Vietnam is back on high alert for the coronavirus after medical officials in the central city of Danang detected what appears to be the first local COVID-19 case in the South-East Asian country for three months.

Thanks to strict quarantine measures and an aggressive and widespread testing programme, Vietnam has kept its virus total to an impressively low 415 cases, and had reported no locally transmitted infections for 100 days.

But on Friday, Vietnam’s health ministry said in a statement that a 57-year-old man from Danang, a popular tourist hotspot, had tested positive three times for the virus, prompting the isolation of 50 people he came in contact with.

More than 100 people connected to the patient were tested for the virus but all returned negative results, the statement said.

The health ministry has not officially confirmed the case as COVID-19, which comes at a time when Vietnam was about to resume international commercial flights and as domestic tourism is surging.

It did not say how the man contracted the virus, but said he had not left Danang for nearly a month. He was initially diagnosed with pneumonia.

Authorities in Hanoi, meanwhile, reinstated a recommendation to wear masks in public places.

Of the nearly 150 cases reported over the past three months, all were imported and the people quarantined on arrival.

South Korea records largest increase in cases since March A message of gratitude and support for health and frontline workers is displayed on a building in Seoul.(AP: Lee Jin-man)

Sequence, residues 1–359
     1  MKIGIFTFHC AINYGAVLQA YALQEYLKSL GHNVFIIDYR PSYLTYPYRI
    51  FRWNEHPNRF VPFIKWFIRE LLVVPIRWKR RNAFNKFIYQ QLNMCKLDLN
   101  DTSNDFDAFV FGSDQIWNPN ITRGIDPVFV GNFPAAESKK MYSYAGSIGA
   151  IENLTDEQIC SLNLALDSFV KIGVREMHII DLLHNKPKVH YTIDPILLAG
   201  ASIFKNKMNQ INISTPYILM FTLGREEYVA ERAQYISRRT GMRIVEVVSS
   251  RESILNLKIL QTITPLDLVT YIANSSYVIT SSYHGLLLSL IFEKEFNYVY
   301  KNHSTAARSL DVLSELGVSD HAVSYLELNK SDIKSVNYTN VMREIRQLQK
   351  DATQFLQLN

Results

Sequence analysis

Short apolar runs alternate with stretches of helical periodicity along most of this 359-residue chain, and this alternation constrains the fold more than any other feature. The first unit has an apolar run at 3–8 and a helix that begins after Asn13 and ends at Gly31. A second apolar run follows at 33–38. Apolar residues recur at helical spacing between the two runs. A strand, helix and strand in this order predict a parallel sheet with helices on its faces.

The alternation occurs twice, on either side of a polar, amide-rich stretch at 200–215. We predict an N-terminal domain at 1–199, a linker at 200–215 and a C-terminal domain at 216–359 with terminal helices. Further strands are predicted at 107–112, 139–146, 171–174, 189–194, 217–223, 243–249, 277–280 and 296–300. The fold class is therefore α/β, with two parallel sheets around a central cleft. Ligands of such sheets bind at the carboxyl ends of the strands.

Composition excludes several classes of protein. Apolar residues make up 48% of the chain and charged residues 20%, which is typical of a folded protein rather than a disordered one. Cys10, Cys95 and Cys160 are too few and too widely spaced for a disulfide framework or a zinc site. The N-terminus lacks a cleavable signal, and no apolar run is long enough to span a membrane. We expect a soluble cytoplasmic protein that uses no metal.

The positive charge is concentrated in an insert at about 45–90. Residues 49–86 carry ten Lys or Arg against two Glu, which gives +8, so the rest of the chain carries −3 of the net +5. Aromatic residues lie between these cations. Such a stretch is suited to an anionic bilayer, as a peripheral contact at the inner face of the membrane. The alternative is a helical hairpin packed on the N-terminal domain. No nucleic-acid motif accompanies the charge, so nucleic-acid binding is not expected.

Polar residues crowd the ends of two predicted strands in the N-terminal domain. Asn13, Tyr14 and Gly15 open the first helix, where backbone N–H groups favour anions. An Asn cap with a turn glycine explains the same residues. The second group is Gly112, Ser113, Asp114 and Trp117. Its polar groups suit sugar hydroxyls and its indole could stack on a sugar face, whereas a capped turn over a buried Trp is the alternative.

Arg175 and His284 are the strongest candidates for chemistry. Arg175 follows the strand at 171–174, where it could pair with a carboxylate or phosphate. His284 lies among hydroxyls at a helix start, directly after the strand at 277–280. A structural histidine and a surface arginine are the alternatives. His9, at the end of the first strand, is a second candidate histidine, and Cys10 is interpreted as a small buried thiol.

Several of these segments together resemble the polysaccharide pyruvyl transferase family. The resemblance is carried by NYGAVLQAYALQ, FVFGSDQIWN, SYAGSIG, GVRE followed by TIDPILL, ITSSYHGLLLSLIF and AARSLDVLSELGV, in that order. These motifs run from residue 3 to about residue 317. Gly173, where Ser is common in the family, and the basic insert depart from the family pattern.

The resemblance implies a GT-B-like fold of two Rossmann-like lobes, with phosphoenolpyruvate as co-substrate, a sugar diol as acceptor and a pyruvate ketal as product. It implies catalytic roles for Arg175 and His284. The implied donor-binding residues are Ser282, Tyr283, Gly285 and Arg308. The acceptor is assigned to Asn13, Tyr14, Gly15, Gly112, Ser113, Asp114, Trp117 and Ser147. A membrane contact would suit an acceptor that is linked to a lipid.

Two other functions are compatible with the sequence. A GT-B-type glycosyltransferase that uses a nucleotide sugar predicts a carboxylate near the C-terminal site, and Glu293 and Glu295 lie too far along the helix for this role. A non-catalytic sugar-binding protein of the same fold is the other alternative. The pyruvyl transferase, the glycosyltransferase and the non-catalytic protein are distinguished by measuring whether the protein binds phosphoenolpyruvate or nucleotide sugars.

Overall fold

South Korea reported 113 cases of the novel coronavirus on Saturday, the Korea Centres for Disease Control and Prevention (KCDC) said, the largest one-day increase since March, bringing the country’s total to 14,092.

Of the new cases, 86 were imported and 27 were domestic infections.

South Korean health authorities said COVID-19 infections among people arriving from abroad could drive the number of new cases on Friday above 100, the first time since the beginning of April that daily cases hit triple digits.

Saturday’s 113 infections was the highest since March 31, when 125 people were reported with the virus that causes COVID-19.

A large number of crew members on a Russian ship have tested positive, as have a number of South Korean workers brought home on military flights from Iraq, KCDC deputy director Kwon Jun-wook told a briefing.

Two South Korean military aircraft arrived from Iraq on Friday, carrying 293 workers who were evacuated as cases swelled in that country.

As the coronavirus has spread around the world, a significant number of South Korea’s infections have been found in people arriving from overseas, with nearly 70 per cent of the imported cases South Korean nationals, while more than 15 per cent of the total infections were imported cases.

Beijing cinemas reopen as China reports dozens of new cases Chinese consumers are avid moviegoers.(AP: Ng Han Guan)

Beijing has begun partially reopening movie theatres as the threat of coronavirus continues to recede in the Chinese capital, as cases creep up elsewhere in the country.

China reported 34 cases of the new coronavirus in the mainland for July 24, up from 21 cases a day earlier, the health commission said on Saturday.

Of the new infections, 20 were in the far western region of Xinjiang, according to a statement by the National Health Commission. Nine were in the north-eastern province of Liaoning, while the remaining five were imported cases.